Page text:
The Thoughtful Architect quality is about thinking and acting strategically, which recent research indicates only about 5% of leaders are able to do well. Those who embody the Thoughtful Architect quality are continually scanning both the environment and their own inner world of experiences and sensations. They notice trends, are perceptive about where there is ‘flow’ in a system, and are sensitive to emerging possibilities. Their intent is to discover how best to design or frame the way forward so that others can engage in the work ahead. In more complex settings, having access to a systemic perspective and maintaining an openness to innovative ideas become important skills/capabilities.

Quick quiz:
[Score yourself out of 5 on the following three questions. Be as honest as you can, and add the scores together, to give you a TA score.]

  • Do you sometimes insist on taking your time to make decisions that feel complex?
  • Are you open to new ideas about how to do things, particularly if they resonate with your sense of what’s required?
  • Are you good at anticipating the way a team or organisation is likely to behave, and therefore what might support next steps?

Pitfalls:
A tendency to withdraw from the day to day, and maybe lose touch with personal relationships
Over-processing of data and possibilities and unnecessary delays
A preference for concepts and things, over people issues and more mundane practicalities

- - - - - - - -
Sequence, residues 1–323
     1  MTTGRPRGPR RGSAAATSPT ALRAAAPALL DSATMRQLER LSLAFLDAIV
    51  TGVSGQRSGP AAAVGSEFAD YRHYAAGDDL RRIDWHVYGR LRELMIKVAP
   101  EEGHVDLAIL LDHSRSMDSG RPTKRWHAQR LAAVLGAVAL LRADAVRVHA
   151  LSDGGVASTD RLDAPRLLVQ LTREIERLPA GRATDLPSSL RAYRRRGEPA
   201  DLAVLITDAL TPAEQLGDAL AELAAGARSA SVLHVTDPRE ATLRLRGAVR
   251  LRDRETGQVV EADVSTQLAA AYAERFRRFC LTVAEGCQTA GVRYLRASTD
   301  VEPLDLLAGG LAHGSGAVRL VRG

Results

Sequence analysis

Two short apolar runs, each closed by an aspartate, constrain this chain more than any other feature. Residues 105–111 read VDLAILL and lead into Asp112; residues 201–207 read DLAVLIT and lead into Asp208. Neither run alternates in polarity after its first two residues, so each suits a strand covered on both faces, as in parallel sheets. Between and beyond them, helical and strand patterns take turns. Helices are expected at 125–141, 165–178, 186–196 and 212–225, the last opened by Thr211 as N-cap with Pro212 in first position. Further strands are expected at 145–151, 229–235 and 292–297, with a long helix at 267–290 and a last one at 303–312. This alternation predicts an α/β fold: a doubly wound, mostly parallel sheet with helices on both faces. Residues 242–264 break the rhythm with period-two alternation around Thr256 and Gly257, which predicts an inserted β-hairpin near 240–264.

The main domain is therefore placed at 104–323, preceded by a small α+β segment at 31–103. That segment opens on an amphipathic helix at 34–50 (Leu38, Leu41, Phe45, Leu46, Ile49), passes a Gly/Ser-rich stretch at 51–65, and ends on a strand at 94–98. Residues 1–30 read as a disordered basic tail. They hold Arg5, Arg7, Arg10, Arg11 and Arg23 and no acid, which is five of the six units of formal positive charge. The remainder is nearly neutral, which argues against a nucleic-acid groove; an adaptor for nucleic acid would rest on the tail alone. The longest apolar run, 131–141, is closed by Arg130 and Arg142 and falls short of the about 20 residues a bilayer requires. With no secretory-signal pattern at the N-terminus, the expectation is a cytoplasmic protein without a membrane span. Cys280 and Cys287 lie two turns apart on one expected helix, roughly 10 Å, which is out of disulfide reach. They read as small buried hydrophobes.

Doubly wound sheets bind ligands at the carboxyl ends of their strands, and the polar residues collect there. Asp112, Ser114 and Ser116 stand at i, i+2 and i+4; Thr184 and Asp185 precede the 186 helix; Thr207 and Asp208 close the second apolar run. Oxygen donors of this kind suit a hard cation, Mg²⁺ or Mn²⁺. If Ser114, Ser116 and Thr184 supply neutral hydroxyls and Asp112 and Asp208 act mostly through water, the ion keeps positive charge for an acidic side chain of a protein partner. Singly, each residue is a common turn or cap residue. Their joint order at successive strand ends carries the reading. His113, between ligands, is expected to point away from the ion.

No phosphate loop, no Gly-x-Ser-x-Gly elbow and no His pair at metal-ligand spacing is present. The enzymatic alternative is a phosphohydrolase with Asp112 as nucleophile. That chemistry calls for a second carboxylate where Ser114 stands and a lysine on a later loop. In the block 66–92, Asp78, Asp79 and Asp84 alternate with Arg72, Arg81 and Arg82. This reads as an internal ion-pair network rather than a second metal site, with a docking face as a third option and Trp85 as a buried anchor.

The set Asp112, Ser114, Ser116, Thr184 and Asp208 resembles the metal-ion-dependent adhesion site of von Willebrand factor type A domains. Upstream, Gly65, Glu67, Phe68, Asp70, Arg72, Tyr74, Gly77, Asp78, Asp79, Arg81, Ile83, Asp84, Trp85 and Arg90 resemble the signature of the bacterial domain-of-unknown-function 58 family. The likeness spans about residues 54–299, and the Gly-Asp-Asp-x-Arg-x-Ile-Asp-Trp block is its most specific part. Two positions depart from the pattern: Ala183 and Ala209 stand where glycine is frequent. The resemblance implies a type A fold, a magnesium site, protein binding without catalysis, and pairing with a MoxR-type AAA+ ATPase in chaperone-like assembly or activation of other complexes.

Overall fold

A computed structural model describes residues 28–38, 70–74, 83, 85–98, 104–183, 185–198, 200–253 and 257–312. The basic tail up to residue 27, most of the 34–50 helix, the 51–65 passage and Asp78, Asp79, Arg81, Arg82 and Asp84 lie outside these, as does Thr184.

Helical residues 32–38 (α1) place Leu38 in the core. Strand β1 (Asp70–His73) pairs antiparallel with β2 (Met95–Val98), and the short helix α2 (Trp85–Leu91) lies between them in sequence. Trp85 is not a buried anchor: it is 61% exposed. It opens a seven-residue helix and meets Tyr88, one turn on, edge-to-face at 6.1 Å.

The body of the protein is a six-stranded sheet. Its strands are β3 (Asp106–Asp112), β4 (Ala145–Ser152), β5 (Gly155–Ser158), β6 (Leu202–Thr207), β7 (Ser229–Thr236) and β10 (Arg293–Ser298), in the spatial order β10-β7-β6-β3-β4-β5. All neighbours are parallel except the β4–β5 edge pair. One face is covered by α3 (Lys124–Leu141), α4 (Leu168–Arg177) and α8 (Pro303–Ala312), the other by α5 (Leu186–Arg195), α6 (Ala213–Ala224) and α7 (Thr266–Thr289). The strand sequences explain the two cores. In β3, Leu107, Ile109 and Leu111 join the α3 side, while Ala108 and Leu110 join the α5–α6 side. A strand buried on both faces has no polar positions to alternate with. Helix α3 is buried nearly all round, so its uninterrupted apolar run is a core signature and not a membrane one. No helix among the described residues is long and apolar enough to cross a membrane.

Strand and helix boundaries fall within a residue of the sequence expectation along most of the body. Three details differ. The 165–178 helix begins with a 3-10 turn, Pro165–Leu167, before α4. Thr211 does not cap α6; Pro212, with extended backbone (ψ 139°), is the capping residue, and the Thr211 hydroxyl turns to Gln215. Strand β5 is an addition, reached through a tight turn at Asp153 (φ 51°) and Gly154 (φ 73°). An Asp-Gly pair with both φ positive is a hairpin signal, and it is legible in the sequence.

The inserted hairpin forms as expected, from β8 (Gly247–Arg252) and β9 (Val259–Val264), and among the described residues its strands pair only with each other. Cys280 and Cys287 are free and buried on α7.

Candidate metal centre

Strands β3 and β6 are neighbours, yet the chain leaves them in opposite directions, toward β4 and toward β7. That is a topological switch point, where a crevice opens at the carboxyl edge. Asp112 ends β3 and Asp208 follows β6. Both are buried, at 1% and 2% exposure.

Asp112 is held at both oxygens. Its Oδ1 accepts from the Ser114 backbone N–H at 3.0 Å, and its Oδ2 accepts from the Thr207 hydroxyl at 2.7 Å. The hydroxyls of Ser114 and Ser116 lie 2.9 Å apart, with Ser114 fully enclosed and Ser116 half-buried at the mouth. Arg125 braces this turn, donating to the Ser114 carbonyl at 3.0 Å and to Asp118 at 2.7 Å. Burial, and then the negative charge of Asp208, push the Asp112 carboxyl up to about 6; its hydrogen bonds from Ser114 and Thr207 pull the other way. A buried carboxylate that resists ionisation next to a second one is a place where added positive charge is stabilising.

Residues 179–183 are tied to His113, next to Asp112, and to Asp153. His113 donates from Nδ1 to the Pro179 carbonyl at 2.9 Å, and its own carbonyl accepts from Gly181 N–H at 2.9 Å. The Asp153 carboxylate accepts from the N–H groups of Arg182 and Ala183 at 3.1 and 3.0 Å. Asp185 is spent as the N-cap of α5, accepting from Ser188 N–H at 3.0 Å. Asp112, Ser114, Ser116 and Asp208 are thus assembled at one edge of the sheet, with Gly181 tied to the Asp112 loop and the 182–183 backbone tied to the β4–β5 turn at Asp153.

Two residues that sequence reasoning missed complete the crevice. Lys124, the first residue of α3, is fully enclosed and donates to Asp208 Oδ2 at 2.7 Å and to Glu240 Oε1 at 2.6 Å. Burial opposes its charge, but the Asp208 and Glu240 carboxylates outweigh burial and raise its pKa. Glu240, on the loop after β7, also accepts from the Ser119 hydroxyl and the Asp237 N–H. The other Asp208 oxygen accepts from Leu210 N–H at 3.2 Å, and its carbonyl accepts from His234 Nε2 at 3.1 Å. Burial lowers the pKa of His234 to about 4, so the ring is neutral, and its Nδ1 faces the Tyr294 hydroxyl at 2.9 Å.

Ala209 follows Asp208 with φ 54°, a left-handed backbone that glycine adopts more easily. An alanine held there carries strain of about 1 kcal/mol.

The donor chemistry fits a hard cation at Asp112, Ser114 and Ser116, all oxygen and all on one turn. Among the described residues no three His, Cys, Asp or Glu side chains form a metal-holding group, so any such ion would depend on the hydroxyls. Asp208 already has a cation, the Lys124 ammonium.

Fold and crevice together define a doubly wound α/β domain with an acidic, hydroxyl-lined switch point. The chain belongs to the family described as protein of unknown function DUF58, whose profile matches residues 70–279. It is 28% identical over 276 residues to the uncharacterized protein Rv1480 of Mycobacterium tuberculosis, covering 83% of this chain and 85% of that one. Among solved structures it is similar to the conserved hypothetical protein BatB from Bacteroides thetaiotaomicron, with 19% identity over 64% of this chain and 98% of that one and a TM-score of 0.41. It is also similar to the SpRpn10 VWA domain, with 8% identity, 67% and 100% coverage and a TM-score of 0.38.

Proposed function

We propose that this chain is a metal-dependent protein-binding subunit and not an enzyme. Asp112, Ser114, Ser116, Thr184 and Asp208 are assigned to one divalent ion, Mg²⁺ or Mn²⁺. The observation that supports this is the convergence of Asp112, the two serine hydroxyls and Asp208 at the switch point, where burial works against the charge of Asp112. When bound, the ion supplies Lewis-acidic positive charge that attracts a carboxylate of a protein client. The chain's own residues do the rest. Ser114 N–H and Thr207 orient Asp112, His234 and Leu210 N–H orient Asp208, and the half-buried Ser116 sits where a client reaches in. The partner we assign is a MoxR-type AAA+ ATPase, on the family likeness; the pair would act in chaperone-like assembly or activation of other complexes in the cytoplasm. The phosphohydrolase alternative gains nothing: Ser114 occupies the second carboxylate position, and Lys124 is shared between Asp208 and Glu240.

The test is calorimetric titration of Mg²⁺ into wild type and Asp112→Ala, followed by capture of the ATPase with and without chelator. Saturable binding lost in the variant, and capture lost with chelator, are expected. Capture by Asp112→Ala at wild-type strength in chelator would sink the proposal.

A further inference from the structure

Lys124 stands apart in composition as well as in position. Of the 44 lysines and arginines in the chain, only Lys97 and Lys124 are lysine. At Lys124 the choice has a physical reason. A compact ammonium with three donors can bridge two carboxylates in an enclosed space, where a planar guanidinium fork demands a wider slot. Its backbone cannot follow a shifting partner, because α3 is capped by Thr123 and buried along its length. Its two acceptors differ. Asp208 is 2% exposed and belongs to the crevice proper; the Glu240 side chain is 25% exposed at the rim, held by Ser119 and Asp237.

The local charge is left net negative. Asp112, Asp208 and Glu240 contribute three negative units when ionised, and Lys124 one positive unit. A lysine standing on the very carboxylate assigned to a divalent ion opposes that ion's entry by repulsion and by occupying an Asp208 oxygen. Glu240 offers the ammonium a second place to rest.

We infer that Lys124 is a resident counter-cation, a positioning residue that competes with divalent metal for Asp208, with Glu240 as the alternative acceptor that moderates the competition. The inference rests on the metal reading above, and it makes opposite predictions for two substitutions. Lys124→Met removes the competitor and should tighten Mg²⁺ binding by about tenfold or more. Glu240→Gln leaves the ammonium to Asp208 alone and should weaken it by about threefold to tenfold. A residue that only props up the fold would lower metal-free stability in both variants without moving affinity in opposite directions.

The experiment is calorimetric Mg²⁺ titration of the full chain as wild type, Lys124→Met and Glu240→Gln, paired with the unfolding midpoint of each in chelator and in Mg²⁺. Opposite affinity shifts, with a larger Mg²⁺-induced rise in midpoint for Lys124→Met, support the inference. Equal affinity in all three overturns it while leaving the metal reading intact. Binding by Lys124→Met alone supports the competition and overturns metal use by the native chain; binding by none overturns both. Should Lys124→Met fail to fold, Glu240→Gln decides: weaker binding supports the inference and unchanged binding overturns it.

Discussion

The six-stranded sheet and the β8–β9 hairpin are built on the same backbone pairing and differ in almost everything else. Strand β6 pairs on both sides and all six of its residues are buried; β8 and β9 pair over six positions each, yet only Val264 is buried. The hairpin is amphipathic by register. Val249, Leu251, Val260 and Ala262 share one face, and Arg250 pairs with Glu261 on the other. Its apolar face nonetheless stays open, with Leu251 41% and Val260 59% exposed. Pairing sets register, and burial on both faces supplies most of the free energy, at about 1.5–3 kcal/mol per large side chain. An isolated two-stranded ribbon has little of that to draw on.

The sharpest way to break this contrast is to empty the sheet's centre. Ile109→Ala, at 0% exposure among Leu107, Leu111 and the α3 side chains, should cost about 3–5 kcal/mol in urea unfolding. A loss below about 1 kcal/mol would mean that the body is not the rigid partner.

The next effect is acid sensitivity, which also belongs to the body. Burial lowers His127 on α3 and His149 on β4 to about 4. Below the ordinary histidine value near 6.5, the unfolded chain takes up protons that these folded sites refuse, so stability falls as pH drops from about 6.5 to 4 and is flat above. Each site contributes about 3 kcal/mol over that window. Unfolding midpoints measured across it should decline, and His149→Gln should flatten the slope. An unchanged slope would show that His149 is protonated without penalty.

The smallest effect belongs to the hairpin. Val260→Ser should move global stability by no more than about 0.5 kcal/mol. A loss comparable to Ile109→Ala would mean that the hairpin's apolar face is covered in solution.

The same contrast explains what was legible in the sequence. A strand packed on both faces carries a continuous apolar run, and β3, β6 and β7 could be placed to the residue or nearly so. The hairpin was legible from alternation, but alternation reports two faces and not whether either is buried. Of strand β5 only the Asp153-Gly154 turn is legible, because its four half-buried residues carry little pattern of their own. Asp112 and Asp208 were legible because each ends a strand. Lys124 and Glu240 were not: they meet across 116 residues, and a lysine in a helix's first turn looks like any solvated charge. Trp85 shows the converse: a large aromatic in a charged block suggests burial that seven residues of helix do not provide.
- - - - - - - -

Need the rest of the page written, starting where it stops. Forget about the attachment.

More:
In the body:
One of the most important aspects of embodying the Thoughtful Architect quality, is that it requires the leader to stay focused on a problem or question over a significant period, without necessarily coming up with an answer. This is fine for some, and quite problematic for others. One way to practise is to think of a big question that feels ‘live’ for you.

Sit alone in a room with that question in mind, with your feet firmly planted on the ground, and a relaxed posture. Look down towards your lap and allow the history of everything connected with that problem up to this moment to infuse you, not necessarily in any very specific way. Then notice how you feel inside: energised, anxious, bored…. Notice what comes to mind. Then spend 10 minutes writing down 5 quick answers to your original question, without thinking about it at all. You might be surprised at the results.